First the fun part — here’s what we do for team building after a product launch ……. a two hour speedboat ride on the Willamette up to the abandoned paper mill in Oregon City….
I’ve been reflecting on the Agile principle: Responding to change over following a plan…
We have revolving-door UX sessions weekly with user surrogates face to face. We have 10 people who are committed to 15 minute sessions on the half hour every Monday. That way, we can divvy up the projects and each of the 3 scrum teams gets at least 3 sessions. We also swap our participants around to avoid fatiguing them with the same project. Generally, we are validating IXD concepts with Balsamiq Mockup click-thrus that represent our “happy path hypothesis” We record those sessions with Silverback. The UX person gives the report out immediately when the sessions are done and archives the recorded sessions so that we can do further analysis later.
Every sprint we strive to do one longer session with Real Users — (customers who have signed up to be “UX Lab Rats”. ) In a nutshell, these are 45 minute sessions — remote testing. I use WebEx and share an application — live code (working behind) or a prototype (working ahead). We record it — but also encourage developers and product managers to dial in (stay mute) and observe real-time.
This program has been the most influential in getting people to understand that what UX and UCD is all about — people using the stuff that we are building to solve their problems.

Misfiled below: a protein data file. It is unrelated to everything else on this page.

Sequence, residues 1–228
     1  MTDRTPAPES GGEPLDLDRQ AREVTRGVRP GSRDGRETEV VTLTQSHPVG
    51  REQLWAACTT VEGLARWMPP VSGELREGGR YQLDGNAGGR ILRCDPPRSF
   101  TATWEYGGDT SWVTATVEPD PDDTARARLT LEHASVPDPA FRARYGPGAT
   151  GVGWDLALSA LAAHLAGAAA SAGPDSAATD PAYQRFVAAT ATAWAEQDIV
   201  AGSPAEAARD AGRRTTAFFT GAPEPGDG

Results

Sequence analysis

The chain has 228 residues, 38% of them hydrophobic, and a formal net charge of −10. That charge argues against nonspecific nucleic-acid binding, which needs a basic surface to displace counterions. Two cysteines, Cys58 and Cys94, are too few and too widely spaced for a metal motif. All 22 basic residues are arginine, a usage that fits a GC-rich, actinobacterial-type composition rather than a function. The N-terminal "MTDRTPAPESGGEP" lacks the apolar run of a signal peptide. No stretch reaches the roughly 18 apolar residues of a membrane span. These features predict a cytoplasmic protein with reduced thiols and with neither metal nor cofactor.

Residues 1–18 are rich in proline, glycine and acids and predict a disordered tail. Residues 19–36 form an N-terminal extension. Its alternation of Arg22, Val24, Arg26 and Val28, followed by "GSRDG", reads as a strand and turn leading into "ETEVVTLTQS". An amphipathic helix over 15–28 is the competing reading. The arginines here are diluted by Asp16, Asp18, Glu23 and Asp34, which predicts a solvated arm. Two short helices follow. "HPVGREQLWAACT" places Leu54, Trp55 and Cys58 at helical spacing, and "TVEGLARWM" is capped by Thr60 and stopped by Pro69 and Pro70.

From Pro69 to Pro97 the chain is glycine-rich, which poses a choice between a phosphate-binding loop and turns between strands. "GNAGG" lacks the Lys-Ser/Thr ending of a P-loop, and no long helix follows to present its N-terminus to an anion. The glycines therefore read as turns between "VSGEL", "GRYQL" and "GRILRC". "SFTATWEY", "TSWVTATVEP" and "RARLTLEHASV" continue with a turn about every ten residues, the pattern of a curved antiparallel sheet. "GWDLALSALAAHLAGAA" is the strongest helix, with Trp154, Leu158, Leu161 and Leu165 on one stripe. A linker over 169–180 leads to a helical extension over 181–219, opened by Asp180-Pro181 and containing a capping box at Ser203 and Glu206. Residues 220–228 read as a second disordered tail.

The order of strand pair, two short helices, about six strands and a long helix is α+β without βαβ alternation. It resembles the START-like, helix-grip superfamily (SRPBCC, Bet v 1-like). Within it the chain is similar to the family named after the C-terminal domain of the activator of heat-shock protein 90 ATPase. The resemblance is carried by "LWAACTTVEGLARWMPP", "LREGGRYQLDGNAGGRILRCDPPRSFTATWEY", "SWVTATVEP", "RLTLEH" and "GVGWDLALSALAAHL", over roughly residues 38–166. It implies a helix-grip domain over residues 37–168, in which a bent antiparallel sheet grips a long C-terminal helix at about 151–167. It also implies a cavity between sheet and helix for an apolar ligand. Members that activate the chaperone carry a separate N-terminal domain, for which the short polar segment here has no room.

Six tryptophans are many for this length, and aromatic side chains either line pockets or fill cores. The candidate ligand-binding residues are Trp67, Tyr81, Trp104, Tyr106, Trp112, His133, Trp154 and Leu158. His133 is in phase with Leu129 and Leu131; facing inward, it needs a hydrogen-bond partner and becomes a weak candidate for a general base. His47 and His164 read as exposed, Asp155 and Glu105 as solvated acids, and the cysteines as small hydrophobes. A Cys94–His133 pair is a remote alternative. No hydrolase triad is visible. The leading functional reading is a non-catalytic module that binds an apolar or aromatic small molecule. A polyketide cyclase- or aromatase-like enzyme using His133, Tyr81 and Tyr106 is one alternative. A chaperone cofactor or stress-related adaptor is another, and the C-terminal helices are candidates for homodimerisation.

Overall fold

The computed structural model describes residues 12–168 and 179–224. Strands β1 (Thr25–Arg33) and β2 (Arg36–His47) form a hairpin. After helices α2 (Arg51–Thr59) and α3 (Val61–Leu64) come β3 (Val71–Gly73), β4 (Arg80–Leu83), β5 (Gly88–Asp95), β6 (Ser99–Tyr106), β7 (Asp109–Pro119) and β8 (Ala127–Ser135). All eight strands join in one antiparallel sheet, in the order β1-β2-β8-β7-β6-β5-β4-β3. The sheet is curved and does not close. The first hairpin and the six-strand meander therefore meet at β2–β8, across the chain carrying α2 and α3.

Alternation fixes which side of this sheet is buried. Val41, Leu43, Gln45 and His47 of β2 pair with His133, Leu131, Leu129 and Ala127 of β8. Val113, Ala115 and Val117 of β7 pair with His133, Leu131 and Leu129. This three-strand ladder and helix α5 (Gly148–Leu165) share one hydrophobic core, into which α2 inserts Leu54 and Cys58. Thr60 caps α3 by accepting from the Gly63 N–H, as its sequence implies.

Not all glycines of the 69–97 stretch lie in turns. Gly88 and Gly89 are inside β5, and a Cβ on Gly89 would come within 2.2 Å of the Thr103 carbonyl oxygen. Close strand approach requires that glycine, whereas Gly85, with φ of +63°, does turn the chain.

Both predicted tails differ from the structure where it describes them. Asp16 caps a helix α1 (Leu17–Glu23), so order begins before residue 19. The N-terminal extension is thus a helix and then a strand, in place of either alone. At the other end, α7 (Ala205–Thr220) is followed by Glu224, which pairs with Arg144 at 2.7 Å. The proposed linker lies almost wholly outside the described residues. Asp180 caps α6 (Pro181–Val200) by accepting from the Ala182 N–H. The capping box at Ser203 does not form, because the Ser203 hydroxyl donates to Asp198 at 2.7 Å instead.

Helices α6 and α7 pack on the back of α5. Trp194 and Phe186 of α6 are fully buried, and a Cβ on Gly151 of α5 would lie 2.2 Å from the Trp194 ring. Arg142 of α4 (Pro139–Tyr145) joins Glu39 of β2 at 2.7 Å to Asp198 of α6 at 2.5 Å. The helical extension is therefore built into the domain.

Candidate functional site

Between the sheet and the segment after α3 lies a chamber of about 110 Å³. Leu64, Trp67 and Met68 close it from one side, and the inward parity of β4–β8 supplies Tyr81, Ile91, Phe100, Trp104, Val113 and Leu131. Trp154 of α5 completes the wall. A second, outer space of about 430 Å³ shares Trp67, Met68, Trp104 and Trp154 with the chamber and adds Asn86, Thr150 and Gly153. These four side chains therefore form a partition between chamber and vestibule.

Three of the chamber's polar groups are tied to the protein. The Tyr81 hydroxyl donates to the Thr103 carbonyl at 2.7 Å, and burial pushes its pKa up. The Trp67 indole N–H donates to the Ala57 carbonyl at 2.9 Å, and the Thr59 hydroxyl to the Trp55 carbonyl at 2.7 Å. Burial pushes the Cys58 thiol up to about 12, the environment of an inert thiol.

I believe the UX validation cycle be the single most important contribution we have made in working towards a delightful product experience for our users. Last week I got some feedback from the field that was music to my ears. A customer wrote a note back to the sales rep after upgrading and using the new feature :
“Side note — upgraded our console to 8.1 and am having an absolute blast setting up tag sets (and tagging profiles, to automatically apply tags).
It’s already giving me so much more visibility to the nodes. LOVE IT! :)”
This is the kind of feedback UX lives for! The success the field is seeing is directly related to having UX sitting on those SCRUM teams — designing solutions for developers to execute on – yes, but most importantly, conducting consistent revolving door UX sessions with customers and folding their feedback directly and incrementally into the product — from lo-fidelity conception all the way through to code freeze.
here’s the link to the press release: